The walk had everything. It included four pueblo blancos and went from one side to the other of Andalucia's first natural park, the Sierras de Grazelema. Despite looking like it was going to rain, and this particular area is apparently the wettest in Spain, it stayed dry all day.
After leaving my overnight accommodation in the dark, dropping my key of at the police station, I joined locals who were filling their water bottles at a Roman fountain at the edge of the town. Roman water was absolutely the right thing because for the next hour I walked the Cazorla Roman, a largely intact and original roman road, climbing 600 metres up to Benacoaz. Starving by the I got there I had a huge and delicious dried ham sandwich with a cafe leche. The Roman road and the antecedents to the sandwich are shown in the photographs below.
Villaluenga del Rosario, which you get to after steady 4 kilometre road walk, is a picture post card pueblo blanco, and given the size of the car park just beyond the village must be very crowded in the summer. The view shows the village nestled underneath the massive 1395 metre Navazo Alto.
Climbing up out of the village, and heading southeast, you get off the road and onto an 18 kilometres series of trails taking you all the way to Montejaque. This is great walking. The best thing for me were the two huge dry valleys, the first one which you crossed and second one which you walked along, both with wide flat bottoms and with almost vertical cliffs on each side. Easy walking, although something approaching a scramble as you climb a pass to cross the ridge separating the two valleys. The last bit of the walk was classic limestone scenery with 1000 metre cliffs squeezing the valley on either side. To add to the show large numbers of griffon vultures, I counted 20 at one point, were hovering above, watching perhaps the huge flock of sheep just released by the shepherd who seemed to live in a cave at the bottom of the cliff.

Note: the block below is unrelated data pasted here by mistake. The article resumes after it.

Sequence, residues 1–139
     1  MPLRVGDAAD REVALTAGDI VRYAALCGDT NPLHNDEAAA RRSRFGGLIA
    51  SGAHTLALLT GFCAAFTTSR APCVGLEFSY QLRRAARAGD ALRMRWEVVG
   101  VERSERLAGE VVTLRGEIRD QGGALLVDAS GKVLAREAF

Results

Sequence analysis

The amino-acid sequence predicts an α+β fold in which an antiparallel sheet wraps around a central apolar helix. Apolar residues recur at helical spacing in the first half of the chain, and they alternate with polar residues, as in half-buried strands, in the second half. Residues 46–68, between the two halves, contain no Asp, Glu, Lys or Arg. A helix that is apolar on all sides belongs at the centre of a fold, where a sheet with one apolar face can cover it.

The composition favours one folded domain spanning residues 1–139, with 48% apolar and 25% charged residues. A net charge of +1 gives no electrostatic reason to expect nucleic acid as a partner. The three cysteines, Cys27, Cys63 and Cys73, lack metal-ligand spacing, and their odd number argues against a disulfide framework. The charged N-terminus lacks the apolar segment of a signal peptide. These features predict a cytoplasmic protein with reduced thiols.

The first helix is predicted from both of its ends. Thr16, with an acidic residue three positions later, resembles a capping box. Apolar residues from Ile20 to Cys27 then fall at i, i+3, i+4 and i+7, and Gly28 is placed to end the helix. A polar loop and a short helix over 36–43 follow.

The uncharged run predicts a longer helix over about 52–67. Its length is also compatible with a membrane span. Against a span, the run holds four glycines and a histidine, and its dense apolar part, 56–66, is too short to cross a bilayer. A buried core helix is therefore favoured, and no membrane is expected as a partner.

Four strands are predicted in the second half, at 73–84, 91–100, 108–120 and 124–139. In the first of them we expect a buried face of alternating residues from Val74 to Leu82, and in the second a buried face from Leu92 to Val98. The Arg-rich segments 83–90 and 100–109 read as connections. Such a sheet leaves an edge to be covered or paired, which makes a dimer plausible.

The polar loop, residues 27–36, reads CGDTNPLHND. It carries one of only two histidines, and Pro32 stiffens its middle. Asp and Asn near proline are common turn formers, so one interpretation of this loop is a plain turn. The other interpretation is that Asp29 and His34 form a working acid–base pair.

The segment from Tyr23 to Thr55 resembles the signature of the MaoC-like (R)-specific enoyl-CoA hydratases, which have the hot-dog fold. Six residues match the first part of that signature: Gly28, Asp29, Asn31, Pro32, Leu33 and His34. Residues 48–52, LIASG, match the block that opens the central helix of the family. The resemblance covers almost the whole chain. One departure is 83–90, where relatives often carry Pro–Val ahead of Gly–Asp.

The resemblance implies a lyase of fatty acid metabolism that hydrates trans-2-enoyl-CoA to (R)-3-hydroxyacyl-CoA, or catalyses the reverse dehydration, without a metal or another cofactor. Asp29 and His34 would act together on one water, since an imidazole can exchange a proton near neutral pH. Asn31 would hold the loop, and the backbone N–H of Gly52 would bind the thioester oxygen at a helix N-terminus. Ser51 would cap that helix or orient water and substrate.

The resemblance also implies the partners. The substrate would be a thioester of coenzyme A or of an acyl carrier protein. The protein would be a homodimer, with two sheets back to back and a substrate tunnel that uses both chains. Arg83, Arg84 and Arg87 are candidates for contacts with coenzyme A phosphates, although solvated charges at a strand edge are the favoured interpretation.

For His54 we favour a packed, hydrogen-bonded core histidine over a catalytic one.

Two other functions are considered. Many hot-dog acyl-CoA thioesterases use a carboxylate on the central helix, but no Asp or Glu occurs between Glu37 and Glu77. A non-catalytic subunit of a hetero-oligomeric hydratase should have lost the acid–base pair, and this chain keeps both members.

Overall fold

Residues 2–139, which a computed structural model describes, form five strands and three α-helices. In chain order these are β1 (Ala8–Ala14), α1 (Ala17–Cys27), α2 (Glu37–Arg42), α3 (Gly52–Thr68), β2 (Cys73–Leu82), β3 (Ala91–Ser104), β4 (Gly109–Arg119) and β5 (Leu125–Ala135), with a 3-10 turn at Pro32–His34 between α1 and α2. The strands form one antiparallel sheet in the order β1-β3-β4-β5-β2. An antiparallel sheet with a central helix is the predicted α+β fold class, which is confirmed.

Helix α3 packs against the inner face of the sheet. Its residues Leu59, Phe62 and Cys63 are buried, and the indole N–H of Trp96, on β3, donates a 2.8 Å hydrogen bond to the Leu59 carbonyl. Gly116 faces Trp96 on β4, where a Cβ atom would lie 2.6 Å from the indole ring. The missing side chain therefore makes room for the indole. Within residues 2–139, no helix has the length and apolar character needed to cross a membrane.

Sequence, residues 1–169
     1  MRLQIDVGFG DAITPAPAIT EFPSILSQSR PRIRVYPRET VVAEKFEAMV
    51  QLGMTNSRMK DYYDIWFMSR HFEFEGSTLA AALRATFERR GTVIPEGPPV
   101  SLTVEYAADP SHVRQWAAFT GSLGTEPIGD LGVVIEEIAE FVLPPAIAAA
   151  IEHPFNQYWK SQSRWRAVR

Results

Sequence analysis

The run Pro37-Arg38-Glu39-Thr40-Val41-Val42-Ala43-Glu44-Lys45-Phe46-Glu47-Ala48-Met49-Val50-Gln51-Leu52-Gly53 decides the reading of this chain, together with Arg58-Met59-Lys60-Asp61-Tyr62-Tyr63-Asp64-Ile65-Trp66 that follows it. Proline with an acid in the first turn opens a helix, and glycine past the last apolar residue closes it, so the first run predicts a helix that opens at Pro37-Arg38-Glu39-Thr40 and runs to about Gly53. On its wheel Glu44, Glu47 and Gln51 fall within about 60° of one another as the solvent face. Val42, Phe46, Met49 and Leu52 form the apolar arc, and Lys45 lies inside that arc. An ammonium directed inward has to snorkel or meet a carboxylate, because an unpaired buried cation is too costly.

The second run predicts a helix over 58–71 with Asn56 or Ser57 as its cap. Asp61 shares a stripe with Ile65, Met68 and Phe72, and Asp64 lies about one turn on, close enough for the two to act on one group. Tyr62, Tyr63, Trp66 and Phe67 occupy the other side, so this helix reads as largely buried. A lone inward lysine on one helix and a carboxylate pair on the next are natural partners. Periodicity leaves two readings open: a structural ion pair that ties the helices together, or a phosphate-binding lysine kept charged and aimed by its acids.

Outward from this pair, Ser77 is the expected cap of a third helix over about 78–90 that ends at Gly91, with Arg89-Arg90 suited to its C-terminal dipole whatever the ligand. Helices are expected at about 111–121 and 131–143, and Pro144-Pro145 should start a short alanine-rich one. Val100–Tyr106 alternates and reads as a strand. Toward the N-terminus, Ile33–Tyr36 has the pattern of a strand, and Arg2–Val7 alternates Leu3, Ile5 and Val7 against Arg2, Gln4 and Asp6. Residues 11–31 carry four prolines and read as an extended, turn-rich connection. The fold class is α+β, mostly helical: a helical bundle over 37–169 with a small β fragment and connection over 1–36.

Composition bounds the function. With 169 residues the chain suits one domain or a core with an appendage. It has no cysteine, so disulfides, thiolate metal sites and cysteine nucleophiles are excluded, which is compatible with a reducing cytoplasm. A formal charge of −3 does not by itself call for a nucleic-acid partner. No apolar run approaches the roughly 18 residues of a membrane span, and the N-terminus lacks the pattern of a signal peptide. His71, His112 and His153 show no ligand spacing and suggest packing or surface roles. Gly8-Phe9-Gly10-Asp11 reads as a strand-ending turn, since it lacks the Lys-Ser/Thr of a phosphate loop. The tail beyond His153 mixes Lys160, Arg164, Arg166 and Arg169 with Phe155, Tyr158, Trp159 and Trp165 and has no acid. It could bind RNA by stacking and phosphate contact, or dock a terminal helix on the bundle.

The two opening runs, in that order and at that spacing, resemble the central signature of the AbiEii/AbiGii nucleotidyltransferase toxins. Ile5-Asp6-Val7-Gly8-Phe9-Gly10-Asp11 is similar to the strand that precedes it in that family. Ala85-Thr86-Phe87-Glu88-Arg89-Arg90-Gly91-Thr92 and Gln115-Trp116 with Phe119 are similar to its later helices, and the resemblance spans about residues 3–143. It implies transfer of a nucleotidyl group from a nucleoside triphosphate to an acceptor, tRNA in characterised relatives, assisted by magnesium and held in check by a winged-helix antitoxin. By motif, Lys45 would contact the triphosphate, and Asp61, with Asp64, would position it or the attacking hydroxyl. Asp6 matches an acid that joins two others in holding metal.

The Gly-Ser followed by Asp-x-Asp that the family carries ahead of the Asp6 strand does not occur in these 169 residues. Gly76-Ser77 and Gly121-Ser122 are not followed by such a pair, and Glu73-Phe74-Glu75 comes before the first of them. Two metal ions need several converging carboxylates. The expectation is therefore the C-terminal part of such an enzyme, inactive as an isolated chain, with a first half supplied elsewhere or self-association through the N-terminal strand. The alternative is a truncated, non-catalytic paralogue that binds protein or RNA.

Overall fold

Thought I had taken a picture of a griffon vulture, but now I think it might be an eagle, lovely white head.
The limestone scenery came to abrupt end just after Montejaque, the third pueblo blanco on the route, and the next valley, in front of Ronda was particularly deep and wide. Involved a long and painful walk down, crossing the broad gauge line from two days ago, and then up again to Ronda. It had been an amazing walk but I had absolutely nothing left in the tank when I got to my hotel (Hotel Polo) and I got the lift up to my room.
A couple of bits of news.
Met my second walker today, Ron from Colorado, the home of Osprey bags. He was plugged into an IPod, so it's not just me. He is also a serious light weight walker and makes some of his own gear. Like my first walker Juan, he was another nice guy and kindly took picture of me.
The second piece of news is that the missing underpants have turned up. They were in the bottom of rucksack. Given the role they are currently performing I can understand why they wanted to hide, but it's not fair on the other three pairs, so they are now back on active duty.
Also special thanks to Ivan and Sue, both for your kind comments and for your generous sponsorship. It really is encouraging.
Getting to Ronda is perhaps the first milestone. After five days walking averaging over 30 kilometres a day, I'm now out of Cadiz province and into Malaga, a bit knackered but now I have some shorter days to look forward to.